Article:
In this instalment of Meet the #BIMTracker, we’ve interviewed Aaron Maller, Director at Parallax Team (aka @twiceroadsfool on twitter, forums, and pretty much everywhere else he dwells). Aaron is the king of speaking the truth, even when it’s uncomfortable. Conversations with him are always enlightening as well as entertaining. Join us for the ride.
What first got you into BIM?
It was 2005 and I had just graduated from college. I was working for a small architecture firm in Buffalo NY (blissfully ignorant, in AutoCAD), but I wanted to move back home to Syracuse, and no one was hiring. I took some temp work with an electrical subcontractor, and on lunch break I saw this strange classified ad (it looked shady). It essentially said “Come work on a huge architecture project but you have to learn this 3D software.”
The Project: Destiny USA
So, I interviewed and got the job, and sat down to learn about Modelling for Architecture. Immediately, I knew there was no going back. What I saw in the first twenty minutes was that the disparities between drawings didn’t HAVE to exist, anymore.
The downside, of course, was it was a total trainwreck. The project was a massive shopping mall complex, with a lot of wild shapes and complex systems. The 3D software was Digital Project, by Gehry Technologies. None of the architects had used it before. There were no BIM Managers, just software trainers, so the project team decided to throw people at it and “see what happens”. The folks from Gehry trained you on how the software worked, but no one wanted to manage the process strategically. After learning multiple techniques to model the same objects, no one wanted to answer which method “should” be used for any one purpose. In turn, it was much like Digital Deconstructionalism: There wasn’t really any *truth* to how things should be done, just opinions, arguments, and endless rework precipitated by a “whomever was there last” philosophy. I made my first instructional user guide here. Print-Screens, written on with blue pen and photocopied. I was writing it at 4am, in the office, hoping to stop-the-bleeding on a team of people constantly redoing each other’s work.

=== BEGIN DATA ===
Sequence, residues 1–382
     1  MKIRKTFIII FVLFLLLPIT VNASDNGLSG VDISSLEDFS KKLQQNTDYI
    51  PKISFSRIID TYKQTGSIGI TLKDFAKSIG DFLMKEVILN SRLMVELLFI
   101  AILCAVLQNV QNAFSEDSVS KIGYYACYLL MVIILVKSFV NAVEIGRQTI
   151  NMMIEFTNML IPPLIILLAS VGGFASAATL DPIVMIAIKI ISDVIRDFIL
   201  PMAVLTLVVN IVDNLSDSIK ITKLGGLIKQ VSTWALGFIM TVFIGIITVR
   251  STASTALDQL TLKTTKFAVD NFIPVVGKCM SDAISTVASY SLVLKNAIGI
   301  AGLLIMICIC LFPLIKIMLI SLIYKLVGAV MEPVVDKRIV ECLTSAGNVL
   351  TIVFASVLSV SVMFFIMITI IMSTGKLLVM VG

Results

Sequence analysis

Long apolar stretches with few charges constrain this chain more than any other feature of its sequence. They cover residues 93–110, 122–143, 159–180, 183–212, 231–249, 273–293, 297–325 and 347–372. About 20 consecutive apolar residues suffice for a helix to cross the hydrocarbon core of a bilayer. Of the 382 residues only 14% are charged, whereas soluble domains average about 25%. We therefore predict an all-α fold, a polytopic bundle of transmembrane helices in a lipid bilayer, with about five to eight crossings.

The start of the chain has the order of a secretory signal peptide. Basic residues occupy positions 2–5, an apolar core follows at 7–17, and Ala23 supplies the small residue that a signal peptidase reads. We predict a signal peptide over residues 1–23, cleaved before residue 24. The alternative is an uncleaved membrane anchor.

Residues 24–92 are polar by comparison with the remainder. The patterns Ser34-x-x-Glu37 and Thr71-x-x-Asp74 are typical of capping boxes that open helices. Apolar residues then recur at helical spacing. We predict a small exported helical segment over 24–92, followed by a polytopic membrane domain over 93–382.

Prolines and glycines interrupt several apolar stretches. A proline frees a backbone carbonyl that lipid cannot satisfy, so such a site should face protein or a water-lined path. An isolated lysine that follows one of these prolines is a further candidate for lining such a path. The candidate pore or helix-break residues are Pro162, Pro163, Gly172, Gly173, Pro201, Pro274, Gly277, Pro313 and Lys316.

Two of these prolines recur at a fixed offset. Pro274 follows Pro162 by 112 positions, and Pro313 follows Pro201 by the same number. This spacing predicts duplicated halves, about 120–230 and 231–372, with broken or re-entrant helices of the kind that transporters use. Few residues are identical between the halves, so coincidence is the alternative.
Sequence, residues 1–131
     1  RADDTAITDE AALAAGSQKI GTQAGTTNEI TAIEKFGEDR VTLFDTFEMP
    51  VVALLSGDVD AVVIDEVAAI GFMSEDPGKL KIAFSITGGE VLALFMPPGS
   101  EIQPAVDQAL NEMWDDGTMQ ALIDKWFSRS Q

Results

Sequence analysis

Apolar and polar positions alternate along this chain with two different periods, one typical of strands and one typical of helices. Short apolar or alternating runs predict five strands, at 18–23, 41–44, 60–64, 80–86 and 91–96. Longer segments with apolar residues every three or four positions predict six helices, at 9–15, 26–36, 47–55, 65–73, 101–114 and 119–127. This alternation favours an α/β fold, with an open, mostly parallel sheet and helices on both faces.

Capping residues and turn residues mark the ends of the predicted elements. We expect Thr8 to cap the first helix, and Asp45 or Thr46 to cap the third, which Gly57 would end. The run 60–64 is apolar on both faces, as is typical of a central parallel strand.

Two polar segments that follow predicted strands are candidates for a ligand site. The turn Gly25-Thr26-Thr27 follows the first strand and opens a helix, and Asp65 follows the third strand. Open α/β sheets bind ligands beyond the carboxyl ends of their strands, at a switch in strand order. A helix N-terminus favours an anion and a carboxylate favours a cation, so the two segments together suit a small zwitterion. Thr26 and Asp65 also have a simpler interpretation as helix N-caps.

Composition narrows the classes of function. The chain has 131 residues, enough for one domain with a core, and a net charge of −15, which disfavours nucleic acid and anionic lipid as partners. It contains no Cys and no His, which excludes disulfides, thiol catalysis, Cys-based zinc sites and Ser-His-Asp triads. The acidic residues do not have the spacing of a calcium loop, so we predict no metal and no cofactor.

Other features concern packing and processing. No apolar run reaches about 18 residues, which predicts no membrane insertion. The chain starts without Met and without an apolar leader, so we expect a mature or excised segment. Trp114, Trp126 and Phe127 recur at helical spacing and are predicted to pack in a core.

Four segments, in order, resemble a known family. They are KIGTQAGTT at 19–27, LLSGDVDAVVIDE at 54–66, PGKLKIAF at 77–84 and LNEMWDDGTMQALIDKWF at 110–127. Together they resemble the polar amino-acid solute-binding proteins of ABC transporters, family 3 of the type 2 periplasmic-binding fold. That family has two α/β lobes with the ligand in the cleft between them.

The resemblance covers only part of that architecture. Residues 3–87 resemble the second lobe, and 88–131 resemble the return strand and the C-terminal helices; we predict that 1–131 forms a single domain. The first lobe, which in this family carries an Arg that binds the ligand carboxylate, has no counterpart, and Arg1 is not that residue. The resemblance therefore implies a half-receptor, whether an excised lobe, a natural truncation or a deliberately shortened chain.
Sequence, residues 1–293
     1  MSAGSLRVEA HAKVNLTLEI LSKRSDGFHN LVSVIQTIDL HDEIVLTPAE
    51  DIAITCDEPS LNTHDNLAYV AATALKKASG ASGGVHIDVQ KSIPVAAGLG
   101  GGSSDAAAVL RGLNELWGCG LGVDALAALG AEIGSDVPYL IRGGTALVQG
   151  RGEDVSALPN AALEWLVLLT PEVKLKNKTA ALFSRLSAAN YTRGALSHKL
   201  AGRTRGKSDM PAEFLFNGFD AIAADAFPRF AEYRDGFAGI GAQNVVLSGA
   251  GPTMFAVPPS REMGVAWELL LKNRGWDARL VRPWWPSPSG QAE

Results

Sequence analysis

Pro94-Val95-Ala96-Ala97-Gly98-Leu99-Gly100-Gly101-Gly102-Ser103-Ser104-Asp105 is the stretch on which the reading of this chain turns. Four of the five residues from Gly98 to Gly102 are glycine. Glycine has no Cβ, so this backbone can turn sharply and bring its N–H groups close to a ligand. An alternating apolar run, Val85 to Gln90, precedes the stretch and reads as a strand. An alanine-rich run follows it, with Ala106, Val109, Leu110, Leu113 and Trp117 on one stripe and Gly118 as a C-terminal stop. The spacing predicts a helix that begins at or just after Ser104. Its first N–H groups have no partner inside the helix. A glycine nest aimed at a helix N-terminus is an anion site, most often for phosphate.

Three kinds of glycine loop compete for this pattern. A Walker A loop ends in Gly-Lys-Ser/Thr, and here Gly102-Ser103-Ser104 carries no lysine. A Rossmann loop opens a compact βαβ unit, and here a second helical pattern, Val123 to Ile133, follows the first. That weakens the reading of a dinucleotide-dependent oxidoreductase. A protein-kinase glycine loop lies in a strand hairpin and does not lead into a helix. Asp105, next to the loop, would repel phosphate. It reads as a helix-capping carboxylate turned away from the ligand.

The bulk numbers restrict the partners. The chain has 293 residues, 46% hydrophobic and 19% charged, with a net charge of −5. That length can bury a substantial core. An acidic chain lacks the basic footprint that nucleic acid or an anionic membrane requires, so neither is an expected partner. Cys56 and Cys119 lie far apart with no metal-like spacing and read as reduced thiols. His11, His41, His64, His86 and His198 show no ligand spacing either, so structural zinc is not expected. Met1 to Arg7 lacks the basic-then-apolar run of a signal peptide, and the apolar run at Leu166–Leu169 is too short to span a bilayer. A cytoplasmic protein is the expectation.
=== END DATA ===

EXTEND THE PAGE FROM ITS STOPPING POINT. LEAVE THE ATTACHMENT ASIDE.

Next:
This project, unsurprisingly, ended in 3-4 months. With 100 people suddenly out of work, prospects for a just-graduated architectural intern were slim. I packed a car with one week’s worth of clothes and moved to the Hamptons in Long Island, having seen ads that there was work there doing Residential and Commercial Architecture. My first work there was in Vectorworks. Another firm later, I was in ArchiCAD. But the Hamptons were EXPENSIVE at 24 and after a few months (still with just the one carload of clothes and stuff) I really wanted to go back to Syracuse.
One of the other firms that had been on DestinyUSA, Dalpos Architects, was working on other large retail mall projects in Revit and looking for a renderer, so I applied for a job there and moved back. Back in 2006, there weren’t any BIM Managers or a real strategy. It was: take two weeks to figure this software out, then the project starts… But it was great work. I spent 3 years with them, designing and building shopping malls in Florida, Texas, and California.
The first mall I worked on in Revit.
It gave me the Revit bug, but I was also doing architecture, which I loved. But there was still the strategy debate: there wasn’t one, so it was all just opinions and arguing. There were 7 of us on that first mall project, and parts of the building that were identical, looked different on paper. That just can't happen. I realized fairly early on (when a large gentleman named Roger may have thrown a set of drawings at me in a conference room) that I had to either work on projects small enough that I could work on them by myself, or id have to shift to teaching or leading, lest the infighting would never stop.
Interesting side note: This was around when I met Daniel Hurtubise, another BIM Tracker, who randomly messaged me on MSN Messenger one day. It was also around the same time Kelly Cone and I began arguing on the AUGI forums, which would eventually lead me to Texas. I remember my first DM conversation with Jim Balding around the same time asking for advice about AU as well.
What’s your favorite part about your role at Parallax?
I really enjoy
- When we uncover something that someone hadn’t expected, and
- We teach somebody something they didn’t realize they could do.
For me it’s really fun, especially with construction jobs, uncovering and correcting things before they gets to the field. When it happens with architects and engineers, you can see on their faces how much they appreciate it, especially with problems that have dragged on for months.
It’s really not even a BIM vs non-BIM thing: It’s always technically been a design team’s job to make sure that things were coordinated and buildable. Everything we find during our Design Reconciliation workflow has always been a design team’s job. Basically, it’s our job to redo someone else’s job, in a way. Weirdly our role shouldn’t exist. But the unfortunate truth is: Modeling has made good teams better, bad teams worse, and teams somewhere in the middle tend to fall one of the two ways.
Our work is either working on construction jobs finding issues, or teaching architects / engineers how to use software to more efficiently do their job. This type of job didn’t really exist when you were hand drawing.
That we’re using our model (and not the design model) as a backchecking instrument, has led to some other interesting developments. We have some really neat apps for this work, especially as John [Pierson]’s been making apps related to the DR workflows we're doing for GCs. We have one that’s not even for sale, called RevisionRunner. In Revit, we can track what drawings specific objects are coordinated with/against. So say if we get 10 sets of drawings and ASI’s, you can click on an element in the model and see which set of drawings you’ve updated it too and which you haven’t. It’s been great for internal use.